Every surface is used, although containers are clustered in corners to keep the walkway clear. The potting shed roof is packed with colourful containers of cactii and California poppies, trailing tomatoes and even runner beans on a wigwam.

A curtain of violet orchids veils the doorway at the back of the shed. Ian Drummond of Indoor Garden Design, who installed them, assures that vanda orchids hang from trees in the wild, so are happy dangling from a string if they are misted daily and the roots submerged in water weekly.

The long paved path leads to a central meeting place beneath four hawthorn trees, underplanted with shade-loving Geranium phaeum Samobor and ferns. Each tree is encircled with smooth white fibreglass seating.

Nicest touch of all, however, is the detail in the path’s paving. Inscribed here and there, in the top 10 languages spoken in the UK, from English to Urdu, are the words health, happiness and horticulture, to greet visitors and remind them how these three elements are so wonderfully intertwined.


The RHS Greening Grey Britain Garden for Health, Happiness and Horticulture

Plant list:

  • Agapanthus species
  • Alchemilla erythropoda
  • Allium Purple Sensation
  • Anchusa azurea Loddon Royalist
  • Anemanthale lessoniana
  • Angelica archangelica
  • Anthriscus sylvestris Ravenswing
  • Aquilegia Blue Barlow
  • Aquilegia vulgaris Nivea
  • Asarum europaeum
  • Asplenium scolopendrium
  • Azorella trifurcata
  • Blechum penna-marina
  • Bunium bulbocastanium 
  • Cacti varieties
  • Camassia leichtlinii subsp Caerula Group
  • Camassia leichtlinii subspn suksdorfii Alba
  • Cirsium atropurpureum Trevor’s Blue Wonder
  • Delphinium Mighty Atom 
  • Deschampsia cespitosa
  • Dianthus carthusianorum
  • Dicentra King of Hearts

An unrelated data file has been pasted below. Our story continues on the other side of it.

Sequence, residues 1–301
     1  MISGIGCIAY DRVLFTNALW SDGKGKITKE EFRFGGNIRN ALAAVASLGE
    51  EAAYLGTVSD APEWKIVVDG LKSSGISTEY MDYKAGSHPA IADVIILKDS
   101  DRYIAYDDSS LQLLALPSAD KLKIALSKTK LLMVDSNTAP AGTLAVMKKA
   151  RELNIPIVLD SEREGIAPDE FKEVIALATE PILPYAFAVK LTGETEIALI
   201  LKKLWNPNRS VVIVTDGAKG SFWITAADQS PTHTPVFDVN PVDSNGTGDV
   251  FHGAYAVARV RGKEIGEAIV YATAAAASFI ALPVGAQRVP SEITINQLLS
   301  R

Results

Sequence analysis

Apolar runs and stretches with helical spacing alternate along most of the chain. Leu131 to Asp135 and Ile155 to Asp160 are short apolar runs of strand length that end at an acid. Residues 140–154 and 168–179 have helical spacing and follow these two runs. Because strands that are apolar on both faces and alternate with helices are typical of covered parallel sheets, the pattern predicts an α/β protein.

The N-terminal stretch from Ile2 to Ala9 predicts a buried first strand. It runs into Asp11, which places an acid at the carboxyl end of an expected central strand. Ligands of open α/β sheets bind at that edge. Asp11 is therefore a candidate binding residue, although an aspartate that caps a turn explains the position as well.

• Digitalis purpurea
  • Epimedium x warleyense Orangekonigin
  • Epiphyte varieties
  • Eremurus Cleopatra
  • Eschscholzia californica
  • Euphorbia polychroma
  • Geranium Rozanne
  • Geranium palmatum
  • Geranium palmatum
  • Geranium phaeum Samobor
  • Geum Prinses Juliana
  • Knautia macedonica
  • Leptinella squalida Platt’s Black
  • Lilium martagon Small Red Orange
  • Lupinus Beefeater
  • Lupinus Purple Swirl
  • Lychnis flos-cuculi
  • Lysimachia Beaujolais
  • Meconopsis Lingholm
  • Osmunda regalis
  • Paeonia lacitflora Karl Rosenfield
  • Phacelia tanacetifolia
  • Polystichum setiferum
  • Rodgersia Dark Pokers
  • Rosa Big Purple
  • Rosa Heidetraum
  • Rosa Moonlight climber
  • Rosa Westerland
  • Salvia Violette de Loire
  • Trollius Dancing Flame Verbascum Firedance
  • Verbascum phoeniculum Violetta


  • The Outdoor Room
  • London Stone
  • Barbed
  • Blithfield Willowcraft
  • Collingwood Lighting
  • Craig House Cacti
  • First Containers
  • Gaze Burvill
  • Harrods Horticulture
  • Hortus Loci
  • Hot Metal Engineering
  • Indoor Garden Design
  • Landscape Plus
  • Lateral Design Studio
  • Livingreen
  • Moore Designs
  • Oase
  • Smeg
  • Sureset